Tiny Home, BIG Dream Project

A PART OF THE PAY-IT-FORWARD VETERAN HOUSING PROGRAM


WE BELIEVE THAT A SAFE, SECURE HOME IS THE FOUNDATION OF HEALTH, WELLBEING, AND AN OVERALL INCREASED QUALITY OF LIFE.  

Check out our Video!

WE'RE PROVIDING MUCH MORE THAN JUST A SHELTER FOR A VETERAN FACING EXTREME HOUSING INSTABILITY, WE'RE BUILDING A COMFORTABLE, BEAUTIFUL, SOLID, WELL INSULATED TINY HOME.

  EVERYONE DESERVES A PLACE TO CALL HOME, ESPECIALLY OUR VETERANS.


Mike's Story

A disabled war veteran, Michael Lane (affectionately nicknamed ‘the Grizz’ by his friends) lives a quiet, simple life in a rural town outside of Spokane, WA. Like too many of our veterans, Michael has spent much of his post-service life without the comfort of a secure home, and sixteen years ago found himself struggling through a difficult time and in need of a new place to live.  Without a steady income, he didn’t have many options, so when a friend offered him a place to stay on a plot of undeveloped land in Eastern Washington, he gratefully jumped at the opportunity.  He sold much of what he owned, purchased a used RV and basic living supplies and set out to make the best of it, leaving his life in Seattle behind. Having always been a man with little material interests, Mike was no stranger to simple and unconventional living situations.  He embraced this new lifestyle and benefited greatly from the quiet solitude, spending much of his time delving into the therapeutic practice of meditation.

Fast-forward to today, and things have taken an alarming turn for the worse. What was once a manageable living situation has become dire and desperate by most standards.  Mike is now in his seventies, and much of his RV and living supplies are worn out and broken.  He lives without access to running water or plumbing, and his mini refrigerator and stove are broken and irreparable, making daily food storage and preparation challenging. His walls have dry rot and he has to deal with mold issues. The winters in Spokane are very cold and with little insulation, Mike has to cover all the windows and wrap the entire trailer with large tarps to stay warm and dry. 

Spokane has an average of 45 - 50 inches of snow per season, which requires him to climb ladders to shovel snow off his roof and storage tents multiple times during each snowfall so they do not leak or cave in-- a task that is becoming increasingly difficult and dangerous as he gets older. 

We knew Mike's minimal pension would not provide him with the funds needed to pay for a long term housing solution, so we decided to step in and offer our support.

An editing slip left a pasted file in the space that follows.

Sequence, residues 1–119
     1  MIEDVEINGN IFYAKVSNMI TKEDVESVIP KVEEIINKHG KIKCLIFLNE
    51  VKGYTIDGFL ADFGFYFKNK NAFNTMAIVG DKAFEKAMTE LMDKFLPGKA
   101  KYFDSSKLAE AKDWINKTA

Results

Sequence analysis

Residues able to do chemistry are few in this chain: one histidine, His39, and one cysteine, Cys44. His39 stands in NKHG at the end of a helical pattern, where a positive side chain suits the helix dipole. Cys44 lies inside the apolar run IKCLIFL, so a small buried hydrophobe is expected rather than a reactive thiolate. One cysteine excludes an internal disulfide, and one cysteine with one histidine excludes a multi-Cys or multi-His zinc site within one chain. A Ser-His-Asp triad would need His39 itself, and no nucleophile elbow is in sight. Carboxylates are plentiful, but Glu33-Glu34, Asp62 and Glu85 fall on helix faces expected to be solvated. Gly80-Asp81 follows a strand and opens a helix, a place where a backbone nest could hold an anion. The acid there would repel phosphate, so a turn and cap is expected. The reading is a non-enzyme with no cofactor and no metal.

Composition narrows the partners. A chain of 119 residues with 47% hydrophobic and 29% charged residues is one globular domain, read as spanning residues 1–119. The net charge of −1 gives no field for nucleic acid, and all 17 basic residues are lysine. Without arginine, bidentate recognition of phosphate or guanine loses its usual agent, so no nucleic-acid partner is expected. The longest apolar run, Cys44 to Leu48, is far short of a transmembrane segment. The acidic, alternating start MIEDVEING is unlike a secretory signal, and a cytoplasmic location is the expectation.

Michael Lane, 1964

Michael Lane, 1964

Born to a military family, Michael’s life began when he drew his first breath in a military hospital during the 2nd World War, just six months after the Normandy invasion of France. His father was a Purple Heart recipient and one of only 336 survivors from the battleship U.S.S Arizona that was sunk during the Japanese ambush on Pearl Harbor in 1941.  Considered an honored war hero (a claim he never accepted, saying that the heroes are the soldiers that went down with the ship), Mike's father retired after 30 years of service with the Navy as Master Chief and his final resting place is now with his shipmates within the U.S.S. Arizona.

Because of his father's military background, it’s no surprise that Michael enlisted with the U.S Army, Airborne soon after he graduated from High School in 1963, though he will not speak much about his experience in the Vietnam War.

When asked how a new Tiny Home would change his life, Michael emotionally responded, “if I have my home situation set, if I can actually have a Tiny Home on wheels that would allow me the flexibility to be closer to my friends, that is warm in the winter and has running water and an actual bathroom, then I can relax, I can do more than just survive and worry about my future as I face the humbling reality of getting older and all the new physical limitations that come with it.  It would be such a relief to know that I can live these later years with some of the peace and comforts that I have not known for a very long time. Instead of just surviving, I can spend my time helping others that may need help [too].”

It was difficult for Mike to accept our offer to build him a tiny home, as is the case for many vets who are accustomed to toughing things out individually and feel that there are others more deserving of help for various reasons.  Mike didn’t apply for a pension until 8 years ago when a neighbor insisted that he wait no longer.  He took pride in being able to live minimally and felt that other vets dealing with external disabilities were more deserving of help over his mental disability.  While Mike has learned to live with very little and has overcome substantial hardship, it is clear that his current living situation is no longer safe and he is in immediate need of a new place to live.  At Operation Tiny Home we believe that everyone can use the support of their community at some point in his or her life, and we have stepped in to offer our help.

Together we are the change!

 

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